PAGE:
Viewing 6 reply threads
  • Author
    Posts
    • Profile Photokhaled
      Participant
      @khaled
      Post count: 31

      Is there an oven curve for cake like S curve?

    • Profile PhotoMark Floerke
      Keymaster
      @independant-consultant
      Post count: 223

      Hello @khaled – are you referring to thermal profiling?

    • Profile PhotoMark Floerke
      Keymaster
      @independant-consultant
      Post count: 223

      Is this what you are referring to @khaled?

      The priorities with cake are very different from bread.  In cake you are coagulating the eggs and any other proteins, and unlocking starch to set.  In the midrange of the baking time is the activation and expansion of the chemical leavening and air cells.

      What information are you interested in from an S curve of thermal profiling for cakes?

    • Profile Photokhaled
      Participant
      @khaled
      Post count: 31

      i just ask if you have one for cake when its expand when its take out of oven

    • Lin Carson, PhD
      Keymaster
      @lin-carson
      Post count: 41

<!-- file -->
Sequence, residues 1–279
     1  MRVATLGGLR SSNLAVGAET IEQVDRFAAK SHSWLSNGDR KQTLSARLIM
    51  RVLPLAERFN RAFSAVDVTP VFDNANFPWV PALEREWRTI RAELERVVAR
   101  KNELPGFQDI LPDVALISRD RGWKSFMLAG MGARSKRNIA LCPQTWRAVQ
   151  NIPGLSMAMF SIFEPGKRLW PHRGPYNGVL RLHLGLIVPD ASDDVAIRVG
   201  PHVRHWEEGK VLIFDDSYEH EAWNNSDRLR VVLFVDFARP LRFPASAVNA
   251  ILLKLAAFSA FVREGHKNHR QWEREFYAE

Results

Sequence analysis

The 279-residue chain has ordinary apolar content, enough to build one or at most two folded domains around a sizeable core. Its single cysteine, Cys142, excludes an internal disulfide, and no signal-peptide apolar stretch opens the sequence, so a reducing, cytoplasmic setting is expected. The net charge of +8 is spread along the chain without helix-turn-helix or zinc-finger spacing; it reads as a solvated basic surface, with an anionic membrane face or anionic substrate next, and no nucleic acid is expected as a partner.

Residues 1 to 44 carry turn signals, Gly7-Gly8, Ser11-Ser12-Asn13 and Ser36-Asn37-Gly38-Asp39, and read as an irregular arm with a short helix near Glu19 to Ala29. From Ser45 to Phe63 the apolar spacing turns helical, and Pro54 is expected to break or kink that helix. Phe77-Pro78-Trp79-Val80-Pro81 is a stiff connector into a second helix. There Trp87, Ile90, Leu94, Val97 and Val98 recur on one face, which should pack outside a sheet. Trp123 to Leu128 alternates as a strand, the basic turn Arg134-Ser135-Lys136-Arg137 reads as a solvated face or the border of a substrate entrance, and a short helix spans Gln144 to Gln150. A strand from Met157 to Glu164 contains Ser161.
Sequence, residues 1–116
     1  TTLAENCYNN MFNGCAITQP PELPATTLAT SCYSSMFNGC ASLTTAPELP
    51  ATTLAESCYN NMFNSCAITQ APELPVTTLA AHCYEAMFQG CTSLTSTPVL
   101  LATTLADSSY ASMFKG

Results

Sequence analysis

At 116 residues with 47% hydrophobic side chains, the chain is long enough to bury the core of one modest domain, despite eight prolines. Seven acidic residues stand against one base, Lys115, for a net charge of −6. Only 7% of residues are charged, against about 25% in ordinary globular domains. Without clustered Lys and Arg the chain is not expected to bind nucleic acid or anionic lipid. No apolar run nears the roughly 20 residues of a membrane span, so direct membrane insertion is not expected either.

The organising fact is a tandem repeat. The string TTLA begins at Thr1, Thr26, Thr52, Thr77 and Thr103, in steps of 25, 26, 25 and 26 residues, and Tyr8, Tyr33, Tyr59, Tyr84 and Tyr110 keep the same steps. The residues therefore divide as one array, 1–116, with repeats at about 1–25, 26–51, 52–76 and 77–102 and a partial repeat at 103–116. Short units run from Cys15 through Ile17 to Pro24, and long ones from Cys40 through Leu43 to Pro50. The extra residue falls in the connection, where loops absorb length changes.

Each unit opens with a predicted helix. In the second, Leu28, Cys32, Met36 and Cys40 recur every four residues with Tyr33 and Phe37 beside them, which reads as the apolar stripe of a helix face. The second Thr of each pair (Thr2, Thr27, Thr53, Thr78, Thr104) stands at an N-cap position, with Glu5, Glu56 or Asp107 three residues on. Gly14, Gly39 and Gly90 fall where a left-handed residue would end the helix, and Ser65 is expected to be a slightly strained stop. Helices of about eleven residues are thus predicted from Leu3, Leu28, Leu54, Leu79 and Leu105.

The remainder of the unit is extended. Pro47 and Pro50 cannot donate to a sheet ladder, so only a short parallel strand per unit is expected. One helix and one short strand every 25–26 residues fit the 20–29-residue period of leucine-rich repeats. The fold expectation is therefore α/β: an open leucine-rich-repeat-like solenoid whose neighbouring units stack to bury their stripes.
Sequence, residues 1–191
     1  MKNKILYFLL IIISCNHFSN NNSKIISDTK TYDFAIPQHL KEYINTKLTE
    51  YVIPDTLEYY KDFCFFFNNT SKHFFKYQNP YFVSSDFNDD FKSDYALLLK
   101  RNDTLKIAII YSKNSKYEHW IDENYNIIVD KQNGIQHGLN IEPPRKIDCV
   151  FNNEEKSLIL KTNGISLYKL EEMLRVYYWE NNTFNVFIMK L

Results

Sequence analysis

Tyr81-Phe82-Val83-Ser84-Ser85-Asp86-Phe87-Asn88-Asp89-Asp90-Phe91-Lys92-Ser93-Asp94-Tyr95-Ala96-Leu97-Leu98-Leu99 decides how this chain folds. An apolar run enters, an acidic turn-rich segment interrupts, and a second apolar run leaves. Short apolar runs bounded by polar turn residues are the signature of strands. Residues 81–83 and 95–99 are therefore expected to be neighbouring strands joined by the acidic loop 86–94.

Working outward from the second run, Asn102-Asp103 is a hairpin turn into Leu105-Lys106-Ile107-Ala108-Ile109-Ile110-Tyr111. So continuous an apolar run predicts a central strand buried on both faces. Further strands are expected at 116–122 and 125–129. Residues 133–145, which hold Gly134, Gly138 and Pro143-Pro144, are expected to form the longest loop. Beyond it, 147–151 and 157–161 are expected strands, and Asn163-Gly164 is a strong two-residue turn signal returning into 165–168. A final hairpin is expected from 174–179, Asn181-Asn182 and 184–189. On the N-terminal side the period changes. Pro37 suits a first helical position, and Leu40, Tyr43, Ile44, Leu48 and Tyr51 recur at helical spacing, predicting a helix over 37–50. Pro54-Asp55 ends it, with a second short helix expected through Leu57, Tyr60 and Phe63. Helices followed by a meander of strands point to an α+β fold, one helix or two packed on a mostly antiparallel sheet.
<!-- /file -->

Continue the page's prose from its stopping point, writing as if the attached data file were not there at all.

@khaled we are working with our Sponsor ECD to come up with this solution. Once we figure out the importance of the S curve for cakes, we will announce it. So stay tuned. Mark and I discussed it here. https://bakerpedia.com/bakertv on forum Friday June 12th.

    • Profile PhotoMélissa
      Participant
      @melissacdbq
      Post count: 4

      Hi,

      I am wondering if the S shape is important (for a gluten free, vegan cake) ? My temperature rise is relatively constant, so I don’t have a  S Shape. Should we keep the oven temperature the same from start to finish ? Should we reach out a temperature of 93C like bread or it could be lower, like 86C ?

       

      Thank you!

      
      
      					
    • Profile PhotoMark Floerke
      Keymaster
      @independant-consultant
      Post count: 223

      Hello @melissacdbq and to @khaled,

      We still don’t hav3 a cake specific S curve yet.  The pandemic conditions have been creating new challenges in many areas and priorities.

      The general curve I would not expect to be too different.  What happens when, is where the greater differences are.  Yes, 93°C or 200°F is the point of doneness required.  This is the temperature when all of the starches are unlocked and set.  Especially important in gluten free cakes with the variety of starches often used.

      It is best to keep the bake temperature for cakes constant.  If the temperature for the particular formula is too high, you will see what bakers call peaking.  The cake batter starches start to set on the surface and edges, before the leaving has expanded, causing most of the leavening to expand in the center and the cake will look like a small mountain with cracks in the center when it comes out of the oven.    If the bake temperature is too low, the sides and edges will be too dry, by the time the center is baked.

Viewing 6 reply threads
  • You must be logged in to reply to this topic.